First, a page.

Contractions
(taken from English Through the Ages, by William Brohaugh, Writer’s Digest Books, 1998)

ain’t – in use by 1780
‘cause (because) in use by 1450
can’t – by 1655
couldn’t – by 1650
don’t – c. 1640
e’en (even) – c. 1300
e’er (ever) – c. 1300
‘em (them) – c. 1100
I’d – c. 1655
I’ll – c. 1570
I’m – c. 1595
I’ve – c. 1745
it’s – c. 1625
ma’am – c. 1670
mustn’t – c. 1745
ne’er (never) – c. 1300
o’ (of) – c. 1300
o’clock – c. 1720
shan’t – c. 1655
she’d – c. 1745
she’ll – c. 1595
shouldn’t – c. 1850
tain’t – c. 1820
they’d – c. 1680
they’ll – c. 1615
they’re – c. 1595
they’ve – c. 1615
tone (the one) – c. 1350
tother (the other) – c. 1350
‘twas – c. 1590
‘tween – c. 1300
'twere – c. 1590
‘twixt – c. 1350
wasn’t – c. 1850
we’d – c. 1605
we’ll – c. 1580
we’ve – c. 1745
who’d – c. 1640
won’t – c. 1655
wouldn’t – c. 1830
you’d – c. 1605
you’ll – c. 1595
you’re – c. 1595
you’ve – c. 1695

Etymology of Expressions

The following is an etymology of expressions in use during the Georgian, Regency and early Victorian periods:

ahem - c. 1765
bah --c. 1600
balderdash – c.1675
barmy -- c. 1600
beastly – c. 1200
begad - c. 1600
blast and bugger your eyes -- c. 1793
blasted – (damned) c. 1600
bleater -- 17th - early 19th C.
blister it -- c. 1840
bloody (very) --mid 17th - 18th C.
bloody (damned) - c. 1670
botheration – c. 1835
bravo - c. 1765
brava - c. 1805
bugger (noun) -- c. 1719
by (Saint) George – c. 1719
by gum – c. 1825
by Jove – c. 1570
by the bye – c. 18th C.
capital – c. 1760
cheeky – c. 1830
cheerio – c. 1910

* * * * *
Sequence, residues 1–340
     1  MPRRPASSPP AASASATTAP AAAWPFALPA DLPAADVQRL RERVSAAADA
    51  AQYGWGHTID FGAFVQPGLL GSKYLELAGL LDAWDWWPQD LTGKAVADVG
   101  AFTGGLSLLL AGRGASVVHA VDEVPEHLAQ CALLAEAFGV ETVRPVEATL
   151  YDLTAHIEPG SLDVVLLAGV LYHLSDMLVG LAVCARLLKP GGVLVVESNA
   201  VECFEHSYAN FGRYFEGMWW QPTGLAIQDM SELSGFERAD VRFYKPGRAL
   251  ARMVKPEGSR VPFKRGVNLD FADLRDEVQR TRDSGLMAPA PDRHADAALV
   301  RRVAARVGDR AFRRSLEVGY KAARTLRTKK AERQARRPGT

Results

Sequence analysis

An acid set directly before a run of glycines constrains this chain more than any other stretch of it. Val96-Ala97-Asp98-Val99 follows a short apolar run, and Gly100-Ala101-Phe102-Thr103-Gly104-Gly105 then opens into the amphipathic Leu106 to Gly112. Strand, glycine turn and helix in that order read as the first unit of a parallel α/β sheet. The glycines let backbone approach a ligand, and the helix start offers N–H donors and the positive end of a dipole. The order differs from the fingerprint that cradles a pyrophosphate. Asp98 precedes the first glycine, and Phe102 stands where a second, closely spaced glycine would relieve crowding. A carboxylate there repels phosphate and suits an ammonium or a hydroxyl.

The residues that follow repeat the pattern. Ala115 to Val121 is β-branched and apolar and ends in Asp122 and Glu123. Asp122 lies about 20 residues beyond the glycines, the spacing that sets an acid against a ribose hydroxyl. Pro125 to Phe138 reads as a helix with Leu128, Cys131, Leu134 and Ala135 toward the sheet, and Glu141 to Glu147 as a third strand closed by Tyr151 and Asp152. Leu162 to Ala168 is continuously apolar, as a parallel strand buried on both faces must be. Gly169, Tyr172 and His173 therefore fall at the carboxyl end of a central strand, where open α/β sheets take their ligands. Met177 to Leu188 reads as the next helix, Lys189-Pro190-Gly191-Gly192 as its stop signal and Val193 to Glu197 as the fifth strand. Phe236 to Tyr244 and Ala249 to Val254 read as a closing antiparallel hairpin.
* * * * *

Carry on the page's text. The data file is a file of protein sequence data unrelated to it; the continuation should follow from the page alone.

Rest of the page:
confound it – c. 1850
criminy - c. 1700
daft – c. 1450
damned -- from 16th C.
damnable – from 16th C.
damnation – c. 1630
dang -- c. 1790
darling (n) c. 900 (adj) c. 1510
darn - c. 1790
darned - c. 1815
dear -- c. 1675
dash my wig – c. 1810
dem/demned (damn/damned) -- from late 17th C.
demme (damn me) -- c. 1753
deuced (damned) -- c. 1785
devil a bit – after 1750
devilish – c. 1450
devil of a... – c. 1750
devil take it – from 16th C.
devil to pay – from 15th C.
dickens (What the dickens?) - late 1600
drat – c. 1815
egad -- c. 1675
eureka - c. 1570
excelsior - c. 1780
fancy that – c. 1834
fiddle-de-dee - c. 1785
fiddle faddle – from 18th C.
fiddlesticks – from 17th C.
frigging (exceedingly)-- c. 1820
frightfully – c. 1830
fudge - c. 1770
fun (joke) – c. 1835
fustian (bombast) -- from late 18th C.
gads -- from 17th C.
gadzooks -- c. 1655
gammon (nonsense) – from 1825
ghastly – c. 1325
glory be - c. 1820
goody - c. 1800
golly - c. 1775
good gracious – from 18th C.
goodness! – mid 19th C.
gosh - c. 1760
go to the devil – from 14th C.
gracious – from 18th C.
gracious alive! -- mid 18th C.
gracious me – from 19th
hallo -- c. 1570
halloo -- c. 1700
hell -- c. 1600
hellfire -- before 1760
honey – 19th C.
humbug – c. 1740-54
hurrah -- c. 1690
huzzah -- c. 1595
hurray/hooray -- c. 1800
I’ll be bound – c. 1530
I say – from 17th C.
Jupiter - from 17th C.
kiss my ass -- c. 1705
la – from 16th C.
lawks – c, 1765
lo and behold -- by 1810
lud! – ca 1720-1850
mind (note what I say) -- from 1806
oh! - c. 1550
oh-oh -- c. 1730
outside of enough – c. 1811
(check out this article about its use.)
pah -- c. 1600
pish -- c. 1595
pooh -- c. 1600
pshaw -- c. 1675
(all) right – c. 1837
right you are – c. 1865
ring a peal – 18th -- mid 19th C
rot it – 17th -- 18th C.
rubbish -- c. 1630
shag – c. 1790

shit -- c. 1510
sirrah – from 16th C.
smashing – c. 1850
son of a bitch (interjection) by 1675
son of a bitch (noun) c. 1710
son of a gun -- c. 1710
sweetheart – c. 1290
sweetie -- c. 1800
sweetikins -- c. 1600
sweeting – c. 1350
tallyho - c. 1770
tosh - (nonsense) c. 1530
What (how) the devil – from 17th C.
zooks - c. 1635
zounds - c. 1600

Resources:
A Dictionary of Slang and Unconventional English, by Eric Partridge, MacMillan Company, 1970
English Through the Ages, by William Brohaugh, Writer’s Digest Books, 1998
Merriam Webster’s Collegiate Dictionary, Tenth Edition, 1993